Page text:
An area of importance for greater focus and conditionality in PRGF programs is improved accountability for public expenditure management (PEM). On average, four or five new measures to strengthen PEM are included in each PRGF-supported program request or review. Most of these measures focus on strengthening budget execution, especially with respect to the operations of the treasury and improving expenditure procedures. This implies to a certain extent a need to strengthen the monitoring of fiscal performance under the program (IMF 2002, p.36). Also related to PEM, a number of countries have been aiming to improve budget classification.

Djibouti was recommended to implement an investment and debt management strategy in order to improve debt management, the aim being to boost donor confidence and ensure the availability of financing on highly concessional terms. The country is also recommended to work on multi-year public expenditure framework as soon as possible. It will, as it is believed, improve the programming of the expenditure as well as the monitoring of the investment (IMF 2009, p.9).

Social impact analysis:

Regarding the poverty and social impact analysis (PSIA), it is required that a country’s program incorporates countervailing measures when it is expected that specific measures built in these programs could have significant adverse effects on groups of the poor. PRGF-supported programs report both more PSIA and a large share of countervailing measures for almost all types of reforms. Although the coverage by type of reforms varies, it includes contractionary expenditure, trade and exchange rate reform, domestic pricing reform, revenue measures, and civil service reform and privatization (IMF 2002, p.40).

Djibouti has received a safeguard assessment (SA) mission. It was expected to be completed in August 2009 at the end of the first year of the PRGF program. It was agreed that based on the SA recommendations, a strategy addressing any potential shortcomings would be developed. These countervailing measures have not been publicised.

PRGF differences with other IMF Lending facilities:

Unlike the PRGF which are supported by the Fund’s concessional facilities, there are other types of programmes supported by the General Resources Account (GRA). These include (CeFiMs 2010, p.27):

–  Stand-By Arrangements (SBA): They are designed to deal with any temporary

balance of payments problem. They generally last between 12 to 18 months.

–  The Extended Fund Facility (EFF): They were established to provide medium

term assistance to countries suffering serious payments imbalances and characterised by slow growth and an inherently weak balance of payments position. The length of this arrangement is typically three years.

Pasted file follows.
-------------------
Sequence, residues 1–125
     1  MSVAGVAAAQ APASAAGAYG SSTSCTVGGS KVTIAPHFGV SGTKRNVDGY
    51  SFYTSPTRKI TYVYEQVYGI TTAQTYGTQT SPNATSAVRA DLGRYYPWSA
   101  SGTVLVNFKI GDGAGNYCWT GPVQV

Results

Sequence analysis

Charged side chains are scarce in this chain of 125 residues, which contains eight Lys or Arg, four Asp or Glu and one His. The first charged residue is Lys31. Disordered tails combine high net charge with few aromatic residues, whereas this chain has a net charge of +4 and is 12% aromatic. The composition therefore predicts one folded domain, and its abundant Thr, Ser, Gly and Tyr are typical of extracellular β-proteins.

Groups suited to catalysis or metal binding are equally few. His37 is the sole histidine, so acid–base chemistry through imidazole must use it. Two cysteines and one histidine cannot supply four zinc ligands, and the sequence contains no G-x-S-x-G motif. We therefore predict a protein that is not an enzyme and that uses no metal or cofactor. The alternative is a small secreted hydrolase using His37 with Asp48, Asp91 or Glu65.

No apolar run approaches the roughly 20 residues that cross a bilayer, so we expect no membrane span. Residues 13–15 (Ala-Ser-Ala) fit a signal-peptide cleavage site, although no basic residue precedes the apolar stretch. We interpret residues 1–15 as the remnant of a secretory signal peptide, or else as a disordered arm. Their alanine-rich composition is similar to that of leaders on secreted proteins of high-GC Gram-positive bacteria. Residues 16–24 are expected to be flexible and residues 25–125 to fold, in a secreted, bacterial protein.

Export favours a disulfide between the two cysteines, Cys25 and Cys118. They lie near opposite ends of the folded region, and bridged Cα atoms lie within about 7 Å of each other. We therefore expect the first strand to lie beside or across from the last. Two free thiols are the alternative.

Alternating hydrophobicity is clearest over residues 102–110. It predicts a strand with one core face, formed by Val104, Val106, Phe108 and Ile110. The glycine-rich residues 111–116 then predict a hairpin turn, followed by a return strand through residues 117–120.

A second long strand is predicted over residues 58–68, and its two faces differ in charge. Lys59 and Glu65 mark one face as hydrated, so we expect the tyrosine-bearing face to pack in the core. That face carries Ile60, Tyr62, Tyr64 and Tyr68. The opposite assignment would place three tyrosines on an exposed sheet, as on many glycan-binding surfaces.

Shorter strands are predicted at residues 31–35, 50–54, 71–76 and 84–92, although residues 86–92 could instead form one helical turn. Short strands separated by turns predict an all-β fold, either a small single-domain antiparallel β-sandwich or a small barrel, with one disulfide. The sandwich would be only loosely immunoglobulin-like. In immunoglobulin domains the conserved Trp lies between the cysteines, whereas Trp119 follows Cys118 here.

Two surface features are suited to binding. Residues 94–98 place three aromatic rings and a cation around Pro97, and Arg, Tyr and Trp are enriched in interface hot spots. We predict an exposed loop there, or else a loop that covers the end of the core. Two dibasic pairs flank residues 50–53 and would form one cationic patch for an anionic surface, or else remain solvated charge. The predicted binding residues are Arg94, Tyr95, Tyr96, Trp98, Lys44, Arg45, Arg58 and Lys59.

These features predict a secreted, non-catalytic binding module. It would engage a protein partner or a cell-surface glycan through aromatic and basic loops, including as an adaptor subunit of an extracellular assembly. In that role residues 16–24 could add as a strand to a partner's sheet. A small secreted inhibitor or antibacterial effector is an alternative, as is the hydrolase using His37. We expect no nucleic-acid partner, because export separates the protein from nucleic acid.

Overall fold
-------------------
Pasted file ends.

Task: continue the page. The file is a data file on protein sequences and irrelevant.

When a member state faces external financing difficulties and external and internal imbalances, requiring stabilisation measures, it must either adjust, obtain financing from official sources or, restructure its external obligations. Most of the time, some external adjustment and financing are required. The IMF uses the above programmes as financing instruments to help the member state ease the adjustment burden. However, it attaches conditions to its financing and, the strongest form of it, is the Performance Criteria (PCs)[2]. There are two types of Pcs (CeFiMs 2010, p.30):

–  Quantitative performance criteria: these include setting a floor or minimum level of net international reserves, limiting the size of the country’s budget deficit and; setting a maximum level of non-concessional external borrowing permissible.

–  Structural performance criteria: They include reforms such as new banking legislation, establishing of a new bankruptcy law, etc.

Contrary to these types of programs, the primary objectives of the PRGF are to raise growth and reduce poverty. It mainly focusses on improving the member country’s macroeconomic and financial governance and, includes policies to monitor the impact of the financing arrangement on poverty and on social sector delivery and performance[3] (CeFiMs 2010, p.5).

PRSP and its link to the PRGF:

As highlighted above, the Poverty Reduction Strategy was adopted by the Executive Boards of the World Bank and the Fund in order to make more effective the support of low-income members in bringing sustainable poverty reduction. This approach was based on the principles of a proposition made in 1999 by the World Bank; it was called the Comprehensive development Framework (CDF). At that time, the Bank through the CDF arrived at the conclusion that countries can manage knowledge and resources to design and implement effective strategies for economic development and poverty reduction (IMF 2005, p.6).

Using CDF principles, the PRSP integrates poverty reduction policies into a coherent, growth oriented framework balancing good macroeconomic and financial management with sound social, structural and human policies. It is prepared by national governments with the participation of domestic and external partners. The external partners, who assist the national authorities, are also encouraged to link their development efforts to them (IMF 2008, p.4).

In this sense, the IMF who uses the PRGF programs in assisting low-income members draws the broad macroeconomic and macro-relevant objectives set out in the supported programs from those underpinning the PRSPs (IMF 2002, p.12).

Distinct Aspects of the IMF’s engagement:

–  Debt Relief

Debt relief mechanisms were started by commercially-orientated creditors, particularly by the Paris Club creditors, in the early 1990s in order to alleviate the burden of mounting external debt levels of low-income countries. The rationale at the time was to replace unrealistic medium-term repayment schedules with more realistic ones. At that time, debt relief and aid allocation decisions were kept separate.